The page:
Henry Wadsworth Longfellow, ed. Poems of Places: An Anthology in 31 Volumes.
America: Vols. XXV–XXIX. 1876–79.

Introductory to Western States


By Henry Rowe Schoolcraft (1793–1864)

Geehale: An Indian Lament

THE BLACKBIRD is singing on Michigan’s shore

As sweetly and gayly as ever before;

For he knows to his mate he at pleasure can hie,

And the dear little brood she is teaching to fly.

The sun looks as ruddy, and rises as bright,

And reflects o’er the mountains as beamy a light

As it ever reflected, or ever expressed,

When my skies were the bluest, my dreams were the best.

The fox and the panther, both beasts of the night,

Retire to their dens on the gleaming of light,

And they spring with a free and a sorrowless track,

For they know that their mates are expecting them back.

Each bird and each beast, it is blessed in degree:

All nature is cheerful, all happy, but me.

I will go to my tent, and lie down in despair;

I will paint me with black, and will sever my hair;

I will sit on the shore, where the hurricane blows,

And reveal to the god of the tempest my woes;

I will weep for a season, on bitterness fed,

For my kindred are gone to the hills of the dead;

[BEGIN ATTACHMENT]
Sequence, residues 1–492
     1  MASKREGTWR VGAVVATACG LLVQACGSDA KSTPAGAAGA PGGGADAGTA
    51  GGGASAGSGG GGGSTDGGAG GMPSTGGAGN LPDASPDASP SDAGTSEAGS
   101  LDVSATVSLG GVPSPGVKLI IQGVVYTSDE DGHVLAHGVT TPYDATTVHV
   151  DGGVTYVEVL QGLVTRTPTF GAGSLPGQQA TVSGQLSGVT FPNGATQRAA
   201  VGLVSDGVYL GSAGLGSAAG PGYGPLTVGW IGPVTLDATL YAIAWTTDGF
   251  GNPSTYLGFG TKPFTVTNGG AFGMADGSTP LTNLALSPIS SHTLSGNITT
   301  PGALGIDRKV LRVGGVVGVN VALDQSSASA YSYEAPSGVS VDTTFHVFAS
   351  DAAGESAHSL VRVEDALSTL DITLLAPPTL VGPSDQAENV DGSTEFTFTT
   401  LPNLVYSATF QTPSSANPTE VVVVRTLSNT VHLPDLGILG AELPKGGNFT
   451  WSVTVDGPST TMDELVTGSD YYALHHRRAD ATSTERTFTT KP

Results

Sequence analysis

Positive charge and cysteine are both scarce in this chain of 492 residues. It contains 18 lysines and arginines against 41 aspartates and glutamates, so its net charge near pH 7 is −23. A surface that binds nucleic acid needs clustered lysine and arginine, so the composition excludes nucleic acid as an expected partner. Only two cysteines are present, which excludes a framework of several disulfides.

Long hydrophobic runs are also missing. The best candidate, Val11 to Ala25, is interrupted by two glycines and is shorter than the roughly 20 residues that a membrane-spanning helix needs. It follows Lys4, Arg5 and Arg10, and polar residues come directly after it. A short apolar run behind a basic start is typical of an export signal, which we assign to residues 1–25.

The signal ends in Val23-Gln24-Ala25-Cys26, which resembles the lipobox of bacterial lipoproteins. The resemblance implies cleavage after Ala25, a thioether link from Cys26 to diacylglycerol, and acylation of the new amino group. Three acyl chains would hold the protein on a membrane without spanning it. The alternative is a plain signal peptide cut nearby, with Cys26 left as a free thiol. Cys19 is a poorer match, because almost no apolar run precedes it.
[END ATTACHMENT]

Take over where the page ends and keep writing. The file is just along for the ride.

But they died not by hunger or lingering decay;

The steel of the white man hath swept them away.

This snake-skin, that once I so sacredly wore,

I will toss, with disdain, to the storm-beaten shore:

Its charms I no longer obey or invoke,

Its spirit hath left me, its spell is now broke.

I will raise up my voice to the source of the light;

I will dream on the wings of the bluebird at night;

I will speak to the spirits that whisper in leaves,

And that minister balm to the bosom that grieves;

And will take a new Manito,—such as shall seem

To be kind and propitious in every dream.

Oh, then I shall banish these cankering sighs,

And tears shall no longer gush salt from my eyes;

I shall wash from my face every cloud-colored stain;

Red—red shall alone on my visage remain!

I will dig up my hatchet, and bend my oak bow;

By night and by day I will follow the foe;

Nor lakes shall impede me, nor mountains, nor snows;

His blood can, alone, give my spirit repose.

They came to my cabin when heaven was black:

I heard not their coming, I knew not their track;

But I saw, by the light of their blazing fusees,

They were people engendered beyond the big seas:

My wife and my children,—oh, spare me the tale!—

For who is there left that is kin to Geehale?